Assess key internal and external relationships

Prior to considering a merger it is critical to consider how your organisation’s key internal and external stakeholders may respond to and be impacted by a merger with another organisation. 


Preparing for a merger puts a sharp focus on internal processes – how your organisation works. This can distract from delivering on your mission and putting service-users first. View all merger considerations through the lens of the interests of your service-users. A merger may affect what services you deliver to service-users, where they are delivered, and by whom. It is therefore reasonable for service-users to be concerned that their interests might take a back seat. Allaying these concerns is part of preparing properly for a merger. Whereservices are likely to change (which is difficult to predict at this early stage) you need to explain to them that their interests are your priority, and that service-users will be at the centre of any decisions about the future of the organisation. If you skip this step, uncertainty about future service provision may manifest as service-users expressing frustration with your organisation or sharing negative associations with their peers. Where services are unlikely to change (e.g. when a large organisation acquires a smaller organisation’s program) this should also be communicated to service-users.

Board members and executive team 

A merger proposal is likely to surface many different views about the organisation, its history and its goals. Board members and executive staff will have different perspectives and concerns. An early and open discussion about the principles for proceeding to merger allows exploration of underlying points of conflict before you enter discussions with other and strengthens the organisation’s understanding of the rationale for a merger. Without this, the stresses that a merger can cause may exacerbate latent differences in opinion about what decisions are in the best interests of the organisation, and in the most serious cases, have the potential to create a substantive split between Board and/or executive team members. A potential merger opportunity is a useful pretext to resolve internal differences.

Prior to entering into merger negotiations it is also critical to have open and frank discussions at board and executive levels about what impacts a merger may have on leadership positions within the organisation and what the board and executive teams might look like in a newly created organisation – particularly if you merge with a larger organisation. 

External partnerships

Many NFP organisations manage a web of interdependencies across the service system. A merger will affect external partners and are therefore important stakeholders to consult with. Carefully flag that you are considering a merger to uncover their views, and to understand what impact a merger might have on their relationship with you. It is of course crucial to gauge the enthusiasm of major funders for any proposed changes to organisational structure. Corporate and philanthropic funders may have a close relationship with the CEO of one organisation, and feel apprehensive about whether they can achieve the same impact with their contribution after the merger. Similarly, donors and bequestors may feel attached to one cause, but not the other, and may wish to withdraw their support if substantial change to strategy and branding is the outcome of the merger.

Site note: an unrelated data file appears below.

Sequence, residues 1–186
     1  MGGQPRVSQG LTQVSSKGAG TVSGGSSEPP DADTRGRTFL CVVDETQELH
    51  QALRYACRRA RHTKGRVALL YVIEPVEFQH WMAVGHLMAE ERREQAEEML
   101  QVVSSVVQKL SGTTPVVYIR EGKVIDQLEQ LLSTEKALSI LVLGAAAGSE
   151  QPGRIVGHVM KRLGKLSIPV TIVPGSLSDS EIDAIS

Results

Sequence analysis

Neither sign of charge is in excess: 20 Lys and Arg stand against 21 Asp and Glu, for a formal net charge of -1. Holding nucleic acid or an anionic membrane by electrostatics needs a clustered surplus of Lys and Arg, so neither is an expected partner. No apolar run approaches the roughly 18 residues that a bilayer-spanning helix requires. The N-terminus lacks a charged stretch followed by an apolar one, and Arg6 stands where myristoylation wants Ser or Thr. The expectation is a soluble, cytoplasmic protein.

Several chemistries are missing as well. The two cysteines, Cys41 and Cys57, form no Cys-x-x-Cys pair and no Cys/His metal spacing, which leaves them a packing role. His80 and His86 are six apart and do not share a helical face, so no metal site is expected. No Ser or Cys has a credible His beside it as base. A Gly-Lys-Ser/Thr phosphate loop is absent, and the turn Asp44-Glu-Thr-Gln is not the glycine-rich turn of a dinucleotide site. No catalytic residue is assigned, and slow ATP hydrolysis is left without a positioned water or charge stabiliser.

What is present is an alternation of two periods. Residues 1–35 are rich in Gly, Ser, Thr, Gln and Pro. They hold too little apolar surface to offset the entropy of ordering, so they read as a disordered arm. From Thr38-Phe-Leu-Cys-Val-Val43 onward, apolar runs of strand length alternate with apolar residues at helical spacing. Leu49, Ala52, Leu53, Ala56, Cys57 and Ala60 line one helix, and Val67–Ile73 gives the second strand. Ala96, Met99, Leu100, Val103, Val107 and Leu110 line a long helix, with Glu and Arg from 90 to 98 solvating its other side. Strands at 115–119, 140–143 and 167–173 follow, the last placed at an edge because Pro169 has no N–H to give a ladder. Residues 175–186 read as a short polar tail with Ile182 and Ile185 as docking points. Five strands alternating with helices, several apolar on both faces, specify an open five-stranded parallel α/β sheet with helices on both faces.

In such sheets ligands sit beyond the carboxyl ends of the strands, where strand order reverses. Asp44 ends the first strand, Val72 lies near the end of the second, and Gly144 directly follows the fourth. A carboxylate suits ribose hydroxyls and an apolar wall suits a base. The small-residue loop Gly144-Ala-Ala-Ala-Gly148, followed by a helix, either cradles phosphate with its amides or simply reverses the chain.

Some external partnerships are sustained by informal or formal contracts. Your preparation for a merger should involve a review of all legal contracts your organisation has entered into, and any other legal and non-legal agreement you have with external parties. Your review of contracts should consider:

  • œ  Whether existing contracts impose any additional requirements on the merger, for example the consent of an additional party (e.g. contracts with the Commonwealth government). For example, a government grant may stipulate funding for a particular program in a particular region. If a merger expands the region in which you provide services, it may have implications for your grant.
  • Which contracts will be transferred to the merged entity and which will be terminated.

Contracts may be difficult to interpret and you may need to seek legal advice. For more detail on contracts, see Justice Connect’s legal information for community organisations.

Furthermore, members of your organisation are affected differently by different ways of working together. Collaboration, alliance and subsidiary relationships do not affect membership because there is no transfer to another organisation. For merger structures where both organisations are subsumed into a new merged entity, or where one organisation is subsumed into the other, membership may not automatically transfer to another organisation and you may need to seek legal advice. For more detail on the implications of a merger structure on membership transfer, see Justice Connect’s Guide to Working With Other Organisations.

Please feel free to leave questions or comments on this part of the merger toolkit.